In almost all cases during takeoff, the cause of the left swerve was gyroscopic precession, not torque. Gyroscopic precession is proportional to the rate of pitch change during transition from a three-point attitude to a tail up attitude. Pilots sometimes raise the tail too rapidly in an effort to see the runway over the aircraft nose. Gyroscopic precession yaws the nose to the left with great enthusiasm! At that point, the pilot may have a great view of the runway out the right side of the cockpit. Pilots who accept the lack of visibility over the nose, until the tail has been raised very gradually, do not have problems with gyroscopic precession. In fact, with no crosswind, a knowledgeable and skillful pilot can maintain runway heading during takeoff by varying the rate of pitch change and with almost no rudder pedal input at all. If the tail is raised slowly enough, the normal right rudder input may yaw, slightly, the nose to the right. Raising the tail a little more rapidly will compensate and yaw the nose to left. Overall, the BEST rate that the tail is raised is as aforementioned and mandatory in the Model 75 “Stearman.”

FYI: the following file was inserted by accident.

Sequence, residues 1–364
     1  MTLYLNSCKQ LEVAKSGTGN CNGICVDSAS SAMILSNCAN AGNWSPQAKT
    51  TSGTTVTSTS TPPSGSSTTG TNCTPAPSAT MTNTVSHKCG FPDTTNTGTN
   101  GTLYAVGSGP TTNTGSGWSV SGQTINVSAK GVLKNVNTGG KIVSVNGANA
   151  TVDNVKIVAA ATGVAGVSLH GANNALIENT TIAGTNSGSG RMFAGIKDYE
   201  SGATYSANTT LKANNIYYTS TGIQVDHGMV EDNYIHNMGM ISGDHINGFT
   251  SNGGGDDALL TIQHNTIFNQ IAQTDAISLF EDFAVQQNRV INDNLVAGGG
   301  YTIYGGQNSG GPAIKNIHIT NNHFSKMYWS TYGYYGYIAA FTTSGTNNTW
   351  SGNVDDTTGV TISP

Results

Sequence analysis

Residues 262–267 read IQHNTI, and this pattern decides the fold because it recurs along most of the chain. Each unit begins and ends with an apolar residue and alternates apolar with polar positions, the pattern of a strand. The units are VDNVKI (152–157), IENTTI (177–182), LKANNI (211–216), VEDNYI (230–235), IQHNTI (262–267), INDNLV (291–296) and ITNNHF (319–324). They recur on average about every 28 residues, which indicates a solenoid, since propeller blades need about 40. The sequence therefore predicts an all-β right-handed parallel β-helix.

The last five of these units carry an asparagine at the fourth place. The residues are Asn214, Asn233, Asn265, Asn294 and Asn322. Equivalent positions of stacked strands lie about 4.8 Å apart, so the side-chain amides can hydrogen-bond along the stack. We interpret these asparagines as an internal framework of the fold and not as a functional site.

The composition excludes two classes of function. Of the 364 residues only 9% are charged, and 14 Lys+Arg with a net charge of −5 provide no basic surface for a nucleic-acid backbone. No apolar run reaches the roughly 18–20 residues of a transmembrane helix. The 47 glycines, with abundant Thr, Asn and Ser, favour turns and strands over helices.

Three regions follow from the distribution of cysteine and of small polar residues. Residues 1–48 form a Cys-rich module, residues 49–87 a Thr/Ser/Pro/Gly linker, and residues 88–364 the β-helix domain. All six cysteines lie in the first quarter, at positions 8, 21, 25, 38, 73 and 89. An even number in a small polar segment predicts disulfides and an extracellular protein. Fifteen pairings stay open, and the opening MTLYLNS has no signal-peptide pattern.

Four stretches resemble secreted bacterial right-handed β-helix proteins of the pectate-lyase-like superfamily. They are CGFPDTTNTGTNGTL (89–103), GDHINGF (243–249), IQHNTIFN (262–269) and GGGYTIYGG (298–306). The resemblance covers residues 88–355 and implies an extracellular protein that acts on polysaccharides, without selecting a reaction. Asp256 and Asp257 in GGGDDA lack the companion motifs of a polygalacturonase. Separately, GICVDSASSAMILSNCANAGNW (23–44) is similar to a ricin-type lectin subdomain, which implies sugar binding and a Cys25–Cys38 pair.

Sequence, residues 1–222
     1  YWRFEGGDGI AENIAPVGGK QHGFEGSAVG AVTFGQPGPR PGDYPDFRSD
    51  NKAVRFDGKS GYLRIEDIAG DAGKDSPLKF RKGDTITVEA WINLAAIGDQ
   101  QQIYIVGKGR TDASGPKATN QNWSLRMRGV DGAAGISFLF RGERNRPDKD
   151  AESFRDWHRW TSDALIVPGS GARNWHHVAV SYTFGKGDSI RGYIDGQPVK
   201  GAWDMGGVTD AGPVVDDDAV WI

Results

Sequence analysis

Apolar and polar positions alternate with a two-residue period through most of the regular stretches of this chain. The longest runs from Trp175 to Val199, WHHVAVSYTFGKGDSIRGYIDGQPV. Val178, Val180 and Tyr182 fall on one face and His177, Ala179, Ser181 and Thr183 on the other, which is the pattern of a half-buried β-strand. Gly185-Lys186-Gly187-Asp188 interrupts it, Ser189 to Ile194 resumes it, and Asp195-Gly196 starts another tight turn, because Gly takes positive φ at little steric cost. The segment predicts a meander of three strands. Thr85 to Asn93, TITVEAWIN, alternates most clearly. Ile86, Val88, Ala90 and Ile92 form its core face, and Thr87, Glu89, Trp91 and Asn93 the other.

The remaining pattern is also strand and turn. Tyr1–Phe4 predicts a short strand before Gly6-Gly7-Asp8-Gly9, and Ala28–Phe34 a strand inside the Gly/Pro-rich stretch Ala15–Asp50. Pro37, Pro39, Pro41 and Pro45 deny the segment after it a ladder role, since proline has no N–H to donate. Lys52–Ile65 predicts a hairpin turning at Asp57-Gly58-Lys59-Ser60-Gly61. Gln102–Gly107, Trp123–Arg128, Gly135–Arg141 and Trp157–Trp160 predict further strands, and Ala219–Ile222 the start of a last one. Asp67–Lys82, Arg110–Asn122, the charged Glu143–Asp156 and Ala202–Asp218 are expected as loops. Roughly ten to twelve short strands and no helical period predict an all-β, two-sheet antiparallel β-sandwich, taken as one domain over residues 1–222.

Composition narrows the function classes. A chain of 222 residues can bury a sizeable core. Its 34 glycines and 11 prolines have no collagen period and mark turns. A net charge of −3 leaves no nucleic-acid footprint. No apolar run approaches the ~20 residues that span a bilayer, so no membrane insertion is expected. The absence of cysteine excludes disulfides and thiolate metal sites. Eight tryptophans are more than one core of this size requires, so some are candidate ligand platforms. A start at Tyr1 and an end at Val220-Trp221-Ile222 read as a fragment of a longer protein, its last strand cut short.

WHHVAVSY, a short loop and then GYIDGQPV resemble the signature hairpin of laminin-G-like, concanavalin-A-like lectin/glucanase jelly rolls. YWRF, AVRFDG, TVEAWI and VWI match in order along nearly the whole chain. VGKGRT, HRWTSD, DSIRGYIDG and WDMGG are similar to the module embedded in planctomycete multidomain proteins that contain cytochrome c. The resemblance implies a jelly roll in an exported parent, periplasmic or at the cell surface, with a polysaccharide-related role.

Use of ailerons is NOT helpful in these situations. Aileron use when rudder is required causes ADVERSE YAW. In a GROUND LOOP situation, ailerons do NOT help. All that happens is you get to pay for a $3600.00 aileron. Wing replacement costs $18,000.00. So, it makes sense to increase the training profile for the Boeing Model 75s…
Aerodynamics can be made simple if you understand some of the complexities. In the aforementioned explanation, where the statement states that ailerons are not helpful, it is important to visualize what happens when you make an aileron input“naturally.”
It is simply just in our nature to want to assist, a necessary correction to our flight and ground path, with aileron. DON’T!!
If the swerve occurs opposite aileron is a hinderance. If aileron
is used it should be in the direction of the swerve NOT opposite. “…AILERONS: steer into the direction of the ground loop!!”
RUDDER is your friend!
Visualize what happens to the wing when aileron input is made. The dynamics are that you change the wing chord such that ailerons are deflected differentially, left up and right down; or left down and right up. This we all know, and it is second nature to try to correct adverse trajectories with improper aileron input.